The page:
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Subject: A Rookie Wargamer's Review: Ottoman Sunset rss

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Jonathan Holen
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Recently I wrote my first review here at BGG on a fairly small game from a fairly small game company and thanks to the positive response and encouragement from those here on BGG I'm back with another review. The first game I reviewed was Toe-to-Toe and is published by Victory Point Games (VPG) - the review can be found here. Another big thanks to JohnRayJr and all those involved in the New Voices Winter contest for the encouragement to start contributing. I highly suggest that you checkout everyone who entered - there are some awesome reviews! You can find the submissions here

The Game

Ottoman Sunset is a Victory Point Games States of Siege Series (Sos) game from VPG that came recommended to me from a number of people in my search for a good first wargame. If you aren't familiar with VPG's SoS series of games let me briefly try and describe them. The game revolves around multiple tracks on which the enemy AI moves towards a central point on the map. This central point on the map is the area which you control and happens to be one of the primary ways to lose the game - if any enemy from one of those tracks enters your area of control at the end of a turn, the game is over. Granted, each game has specific rules which apply, some have more tracks than others, and some even have other ways of losing and winning however the main concept is the same. This is a very brief overview, and the series designer, Darin Leviloff, has actually written an amazing article which I'd suggest you check out if interested. You can find that here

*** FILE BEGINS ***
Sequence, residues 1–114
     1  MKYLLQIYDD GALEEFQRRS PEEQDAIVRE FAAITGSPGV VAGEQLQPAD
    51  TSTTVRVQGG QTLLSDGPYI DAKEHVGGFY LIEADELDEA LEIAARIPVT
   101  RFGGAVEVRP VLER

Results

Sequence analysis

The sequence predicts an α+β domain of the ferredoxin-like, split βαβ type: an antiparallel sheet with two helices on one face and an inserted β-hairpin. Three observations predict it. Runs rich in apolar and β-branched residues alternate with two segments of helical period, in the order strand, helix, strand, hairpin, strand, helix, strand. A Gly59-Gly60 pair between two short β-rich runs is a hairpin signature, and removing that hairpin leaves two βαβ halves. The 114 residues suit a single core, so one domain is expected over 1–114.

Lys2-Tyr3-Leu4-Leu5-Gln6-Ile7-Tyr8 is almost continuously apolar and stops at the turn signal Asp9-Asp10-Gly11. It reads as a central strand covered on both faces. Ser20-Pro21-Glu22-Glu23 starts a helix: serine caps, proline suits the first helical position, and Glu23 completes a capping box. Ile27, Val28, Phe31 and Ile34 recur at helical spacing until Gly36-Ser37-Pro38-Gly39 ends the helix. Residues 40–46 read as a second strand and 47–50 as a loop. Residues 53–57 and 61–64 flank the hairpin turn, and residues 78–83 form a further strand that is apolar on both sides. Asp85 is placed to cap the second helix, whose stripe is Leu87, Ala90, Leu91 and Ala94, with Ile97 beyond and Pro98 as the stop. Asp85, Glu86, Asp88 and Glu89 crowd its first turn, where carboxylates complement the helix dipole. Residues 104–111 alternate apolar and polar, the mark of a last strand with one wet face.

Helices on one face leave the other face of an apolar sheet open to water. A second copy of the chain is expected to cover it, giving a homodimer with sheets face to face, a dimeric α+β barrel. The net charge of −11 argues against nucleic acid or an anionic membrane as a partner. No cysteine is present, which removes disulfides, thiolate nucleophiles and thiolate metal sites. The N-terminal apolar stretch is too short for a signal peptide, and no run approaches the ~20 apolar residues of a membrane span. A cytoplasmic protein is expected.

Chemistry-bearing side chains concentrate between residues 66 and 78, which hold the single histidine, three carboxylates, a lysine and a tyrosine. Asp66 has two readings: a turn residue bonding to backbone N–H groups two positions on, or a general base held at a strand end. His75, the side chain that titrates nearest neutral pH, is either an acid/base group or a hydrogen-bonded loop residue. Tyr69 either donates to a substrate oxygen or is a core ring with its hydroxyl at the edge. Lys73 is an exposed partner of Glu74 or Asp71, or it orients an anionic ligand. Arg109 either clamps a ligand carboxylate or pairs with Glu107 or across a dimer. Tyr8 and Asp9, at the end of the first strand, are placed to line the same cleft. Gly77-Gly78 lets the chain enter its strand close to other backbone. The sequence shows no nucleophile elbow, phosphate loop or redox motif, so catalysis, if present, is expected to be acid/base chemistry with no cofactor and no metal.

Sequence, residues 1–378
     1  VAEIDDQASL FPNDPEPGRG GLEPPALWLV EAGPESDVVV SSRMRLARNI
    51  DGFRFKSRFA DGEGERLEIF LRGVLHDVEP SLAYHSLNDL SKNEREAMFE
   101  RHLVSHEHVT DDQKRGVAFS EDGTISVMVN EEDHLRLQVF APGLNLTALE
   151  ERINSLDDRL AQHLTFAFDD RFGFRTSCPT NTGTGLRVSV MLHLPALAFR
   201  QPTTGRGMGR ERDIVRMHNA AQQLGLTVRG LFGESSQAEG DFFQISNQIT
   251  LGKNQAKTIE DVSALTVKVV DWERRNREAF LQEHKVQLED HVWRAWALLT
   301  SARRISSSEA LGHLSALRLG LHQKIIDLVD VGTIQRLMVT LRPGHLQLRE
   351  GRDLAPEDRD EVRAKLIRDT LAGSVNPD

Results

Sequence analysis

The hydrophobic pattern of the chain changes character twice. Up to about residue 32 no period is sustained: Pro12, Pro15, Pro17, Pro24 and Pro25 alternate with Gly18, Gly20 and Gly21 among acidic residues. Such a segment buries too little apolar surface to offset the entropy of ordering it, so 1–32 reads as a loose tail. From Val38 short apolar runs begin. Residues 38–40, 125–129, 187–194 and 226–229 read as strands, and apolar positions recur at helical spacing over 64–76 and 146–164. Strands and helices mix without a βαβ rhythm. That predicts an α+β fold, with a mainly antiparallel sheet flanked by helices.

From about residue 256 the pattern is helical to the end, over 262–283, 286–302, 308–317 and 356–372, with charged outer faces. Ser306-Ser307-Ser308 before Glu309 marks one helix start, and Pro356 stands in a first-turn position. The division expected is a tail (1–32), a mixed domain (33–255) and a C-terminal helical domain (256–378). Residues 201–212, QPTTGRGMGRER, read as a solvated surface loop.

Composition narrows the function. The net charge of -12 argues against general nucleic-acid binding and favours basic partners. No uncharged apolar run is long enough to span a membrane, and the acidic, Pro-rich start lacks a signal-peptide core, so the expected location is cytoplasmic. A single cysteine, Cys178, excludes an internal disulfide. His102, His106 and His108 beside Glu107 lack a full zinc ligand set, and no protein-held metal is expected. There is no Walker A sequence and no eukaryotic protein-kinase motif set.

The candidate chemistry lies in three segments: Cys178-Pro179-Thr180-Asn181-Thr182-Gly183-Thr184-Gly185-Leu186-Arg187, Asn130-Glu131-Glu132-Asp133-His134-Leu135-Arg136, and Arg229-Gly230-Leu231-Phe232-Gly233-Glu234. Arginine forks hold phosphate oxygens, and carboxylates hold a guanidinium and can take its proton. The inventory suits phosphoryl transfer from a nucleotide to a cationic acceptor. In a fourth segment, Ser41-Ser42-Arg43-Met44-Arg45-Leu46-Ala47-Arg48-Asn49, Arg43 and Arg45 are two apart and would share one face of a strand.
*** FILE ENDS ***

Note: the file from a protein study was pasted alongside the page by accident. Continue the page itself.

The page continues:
Back to Ottoman Sunset; the game covers the Great War in the Near East of 1914-1918 in which the Turkish Empire is under attack with only Germany rendering any aid. There are six primary tracks in the game as well as a number of other events that can take place and consequently lead to a defeat. Your point of control all centers around the capital of the Turkish Empire, Constantinople. Here is a shot of the map that gives you a good idea of the layout:


The goal of the game is to survive through three decks of cards - these cards represent the events that took place throughout the war and are divided into three separate decks. These decks are setup in a triggered format, meaning that you start with one and don't shuffle the next deck into your draw pile until a certain card is drawn, at that time you take the second deck and shuffle it into your original draw pile creating a new draw pile. This continues until the last deck is shuffled into your draw pile. Some of you might already be wondering, "So does that mean that in the first two cards of the game all decks could be combined?" Yes, it is possible, though not an everyday occurrence by any means.

Components

For those familiar with VPG games this section will not be anything new, for those not familiar with VPG games I suggest that you go into this with an open mind, let me explain. The first time I ever came across some VPG games here on BGG I was not very thrilled at what I saw - in fact I was pretty turned off by the components and didn't even take an honest look at the game or what it was all about. Granted, if you're reading this you are clearly doing better than my first experience with VPG so I applaud you! Why do I mention this? Well because of course that same person who was at first turned off by the components is now writing a review for a game I quite enjoy!

VPG self produces and publishes all their games and doesn't have the publishing power as such giants as FFG or other notable companies. Lets take a look at how the game appears right after you pull it out of your mailbox (which it will be in there FAST - VPG has awesome service):



After removing the contents from the package here is a good overview shot of the components: